This new film simulation recipe comes from Anders Lindborg (Instagram). Anders is the one who created the Kodak Tri-X 400 recipe, Ilford Pan F Plus 50 recipe, Kodak Gold v2, seven Fujicolor Pro 160NS recipes, seven Fujicolor Pro 400H recipes, and made an important D-Range Priority discovery. So I know that you’ll love this one, too! He was kind enough to share it with me and allow me to share it with all of you—thank you, Anders!
Anders sent me a lengthy note on his process to create this recipe, and I want to share with you a short snippet just so you get an idea of the effort put into this. “I checked the spectrum sensitivity chart and looked for any significant bumps in the wavelengths,” he wrote. “For the largest bump, I checked what color it represents to try to match it as close as possible with the white balance shift. This recreated the bump in the recipe to make the simulation a bit extra sensitive to that specific color.” This was point four of seven in his process, and shows the kind of effort that can go into creating Film Simulation Recipes.
Specifically about this recipe, Anders noted, “Middle gray is the game here. Soft highlights and things disappearing into deep dark shadows, but never as black as Tri-X. Great for all day shooting in just about any weather. Looks totally awesome on winter shots!” I can add that it looks great on both sunny days and rainy days, too. I think it does especially well in moderate and high contrast situations.
Ilford began the Hypersensitive Panchromatic (HP) series in 1931. HP5 Plus 400 is the latest version, released in 1989, and still available today. This is a classic black-and-white film stock that has stood the test of time, and Anders did a great job mimicking it on Fujifilm cameras. This recipe is intended for use on the X-Pro3, X100V, X-T4, X-S10, X-E4, and X-T30 II cameras; however, for the X-T3 and X-T30, as well as X-Trans III cameras, simply ignore Grain size, and this recipe is compatible with those cameras, so anyone with an X-Trans III or IV camera can use this.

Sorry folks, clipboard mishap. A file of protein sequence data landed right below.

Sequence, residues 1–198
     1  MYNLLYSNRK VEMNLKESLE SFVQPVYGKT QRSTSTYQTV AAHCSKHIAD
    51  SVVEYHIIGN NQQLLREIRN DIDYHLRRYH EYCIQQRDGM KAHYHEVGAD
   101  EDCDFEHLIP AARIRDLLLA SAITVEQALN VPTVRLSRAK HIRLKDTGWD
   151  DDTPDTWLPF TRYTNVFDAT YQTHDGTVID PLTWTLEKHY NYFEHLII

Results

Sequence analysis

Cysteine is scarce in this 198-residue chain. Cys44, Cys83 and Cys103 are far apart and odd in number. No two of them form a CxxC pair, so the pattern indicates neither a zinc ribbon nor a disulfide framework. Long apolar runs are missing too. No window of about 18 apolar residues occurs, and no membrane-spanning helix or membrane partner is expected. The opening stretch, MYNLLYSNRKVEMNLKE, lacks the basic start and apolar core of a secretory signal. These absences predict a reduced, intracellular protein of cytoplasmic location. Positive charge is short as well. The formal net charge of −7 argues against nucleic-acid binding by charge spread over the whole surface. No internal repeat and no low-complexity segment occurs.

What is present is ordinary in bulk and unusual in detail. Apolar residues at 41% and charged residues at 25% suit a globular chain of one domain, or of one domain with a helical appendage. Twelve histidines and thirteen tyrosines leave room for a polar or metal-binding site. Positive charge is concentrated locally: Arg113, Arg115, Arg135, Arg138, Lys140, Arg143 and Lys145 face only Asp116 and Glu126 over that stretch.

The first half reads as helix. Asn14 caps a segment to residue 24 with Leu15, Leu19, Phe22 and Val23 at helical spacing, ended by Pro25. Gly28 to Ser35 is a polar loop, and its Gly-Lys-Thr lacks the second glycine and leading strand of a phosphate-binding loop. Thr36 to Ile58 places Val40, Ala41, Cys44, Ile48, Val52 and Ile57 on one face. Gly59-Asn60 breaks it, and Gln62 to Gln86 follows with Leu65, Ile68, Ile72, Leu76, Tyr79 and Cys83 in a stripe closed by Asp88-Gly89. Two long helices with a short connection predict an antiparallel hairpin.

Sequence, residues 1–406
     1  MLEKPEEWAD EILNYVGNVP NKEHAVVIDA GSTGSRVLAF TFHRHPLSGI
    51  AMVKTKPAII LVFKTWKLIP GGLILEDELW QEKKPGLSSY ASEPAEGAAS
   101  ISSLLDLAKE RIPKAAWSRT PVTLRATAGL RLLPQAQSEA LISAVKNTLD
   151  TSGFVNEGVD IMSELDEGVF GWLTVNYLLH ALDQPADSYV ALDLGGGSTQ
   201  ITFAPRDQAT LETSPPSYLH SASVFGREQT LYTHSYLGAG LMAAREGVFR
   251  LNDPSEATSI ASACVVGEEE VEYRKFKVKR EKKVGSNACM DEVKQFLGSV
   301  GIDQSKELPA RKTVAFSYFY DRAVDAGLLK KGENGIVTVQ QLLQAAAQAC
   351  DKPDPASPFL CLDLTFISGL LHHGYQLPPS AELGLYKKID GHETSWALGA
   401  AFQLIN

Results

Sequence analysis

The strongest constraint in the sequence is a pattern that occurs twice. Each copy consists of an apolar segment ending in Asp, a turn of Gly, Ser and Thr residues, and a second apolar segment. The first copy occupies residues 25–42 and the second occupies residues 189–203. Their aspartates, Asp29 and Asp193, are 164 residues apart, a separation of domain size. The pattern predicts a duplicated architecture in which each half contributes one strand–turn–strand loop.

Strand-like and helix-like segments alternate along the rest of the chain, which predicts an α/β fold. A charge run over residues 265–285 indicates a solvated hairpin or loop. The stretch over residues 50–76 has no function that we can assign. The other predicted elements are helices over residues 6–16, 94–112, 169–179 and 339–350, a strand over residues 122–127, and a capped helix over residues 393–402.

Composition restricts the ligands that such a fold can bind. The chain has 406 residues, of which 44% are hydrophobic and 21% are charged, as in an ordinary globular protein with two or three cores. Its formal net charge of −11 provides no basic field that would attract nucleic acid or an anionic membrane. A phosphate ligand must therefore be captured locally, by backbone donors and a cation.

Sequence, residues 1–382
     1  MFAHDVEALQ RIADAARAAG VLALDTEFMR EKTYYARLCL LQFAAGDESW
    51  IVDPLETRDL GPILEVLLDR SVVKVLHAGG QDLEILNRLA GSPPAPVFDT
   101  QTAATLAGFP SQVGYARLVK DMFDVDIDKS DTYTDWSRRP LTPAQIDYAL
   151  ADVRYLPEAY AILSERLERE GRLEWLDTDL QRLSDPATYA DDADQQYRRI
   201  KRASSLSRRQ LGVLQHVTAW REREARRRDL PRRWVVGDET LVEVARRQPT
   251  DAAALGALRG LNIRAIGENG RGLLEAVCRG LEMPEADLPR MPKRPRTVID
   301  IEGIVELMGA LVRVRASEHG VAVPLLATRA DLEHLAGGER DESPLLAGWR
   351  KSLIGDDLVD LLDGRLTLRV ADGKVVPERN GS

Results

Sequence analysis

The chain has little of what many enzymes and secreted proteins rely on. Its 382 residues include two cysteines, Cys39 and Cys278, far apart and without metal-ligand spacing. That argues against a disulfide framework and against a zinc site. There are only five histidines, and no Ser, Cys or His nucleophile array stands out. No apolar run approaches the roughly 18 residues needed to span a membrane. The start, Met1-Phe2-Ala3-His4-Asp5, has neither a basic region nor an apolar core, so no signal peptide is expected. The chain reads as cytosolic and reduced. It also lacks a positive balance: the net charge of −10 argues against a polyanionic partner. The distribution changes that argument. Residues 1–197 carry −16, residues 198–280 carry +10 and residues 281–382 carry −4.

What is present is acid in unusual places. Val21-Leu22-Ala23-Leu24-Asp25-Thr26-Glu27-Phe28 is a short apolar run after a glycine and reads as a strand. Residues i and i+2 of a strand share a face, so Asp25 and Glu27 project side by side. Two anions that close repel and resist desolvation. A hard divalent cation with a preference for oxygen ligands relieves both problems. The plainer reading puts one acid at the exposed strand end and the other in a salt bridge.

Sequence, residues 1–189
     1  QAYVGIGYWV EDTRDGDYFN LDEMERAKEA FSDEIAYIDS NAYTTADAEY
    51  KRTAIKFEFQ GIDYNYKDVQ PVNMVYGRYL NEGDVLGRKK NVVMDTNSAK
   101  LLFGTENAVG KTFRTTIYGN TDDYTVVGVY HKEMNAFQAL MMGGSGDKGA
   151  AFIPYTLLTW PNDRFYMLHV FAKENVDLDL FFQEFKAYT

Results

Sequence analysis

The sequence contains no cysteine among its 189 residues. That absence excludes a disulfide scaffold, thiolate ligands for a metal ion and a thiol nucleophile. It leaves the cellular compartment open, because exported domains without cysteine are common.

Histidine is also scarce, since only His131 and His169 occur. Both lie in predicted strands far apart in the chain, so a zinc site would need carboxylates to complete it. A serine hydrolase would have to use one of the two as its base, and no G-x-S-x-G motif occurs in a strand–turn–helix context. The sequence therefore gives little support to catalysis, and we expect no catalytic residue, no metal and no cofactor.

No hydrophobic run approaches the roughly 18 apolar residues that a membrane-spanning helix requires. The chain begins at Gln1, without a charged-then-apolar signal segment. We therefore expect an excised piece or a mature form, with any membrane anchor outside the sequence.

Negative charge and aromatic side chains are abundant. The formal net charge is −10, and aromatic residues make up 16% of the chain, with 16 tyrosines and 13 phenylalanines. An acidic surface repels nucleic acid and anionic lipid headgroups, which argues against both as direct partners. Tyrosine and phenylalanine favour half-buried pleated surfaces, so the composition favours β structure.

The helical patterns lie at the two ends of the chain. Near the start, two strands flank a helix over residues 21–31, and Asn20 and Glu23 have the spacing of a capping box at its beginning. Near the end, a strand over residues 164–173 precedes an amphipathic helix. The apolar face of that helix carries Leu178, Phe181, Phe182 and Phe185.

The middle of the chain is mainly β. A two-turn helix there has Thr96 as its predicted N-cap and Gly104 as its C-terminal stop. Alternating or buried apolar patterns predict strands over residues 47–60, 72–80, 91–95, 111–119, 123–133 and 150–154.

A side note: this recipe is different than my old Ilford HP5 Plus and Ilford HP5 Push Process recipes, which I still quite like, and are both excellent in low and mid contrast situations. Try those or Anders’ version—or all three if you are feeling adventurous!
Dynamic Range: DR400
Noise Reduction: -4
Grain Effect: Strong, Large
Color Chrome Effect: Off
Color Chrome Effect Blue: Off
White Balance: Daylight, +1 Red & -8 Blue
ISO: Auto, up to ISO 6400
Exposure Compensation: -2/3 to +2/3 (typically)
Example photographs, all camera-made JPEGs using this “Ilford HP5 Plus 400” Film Simulation Recipe on my Fujifilm X100V:
Find this film simulation recipes and over 200 more on the Fuji X Weekly — Film Recipes App!
Wow! It seems really good for many different conditions…
It sure is! 🙂
I’m wondering if there’s one of the “filter” monochrome version that particularly fits this recipe…
I’m guessing +R with blue sky, but I didn’t use any of the filter options with my photographs.
This is a bit of a broad sweeping question, but what is your recommendation for a really moody, contrast-rich B+W recipe? I’ve played around with several of your fantastic recipes, but wonder what some of your go-to in- camera ones are. Thanks for any advice.
My go-to is Kodak Tri-X 400. Definitely give that a try. I think some others to consider are Moody Monochrome, Dramatic Monochrome, Kodak Tri-X Push Process, and Ilford HP5 Plus Push Process.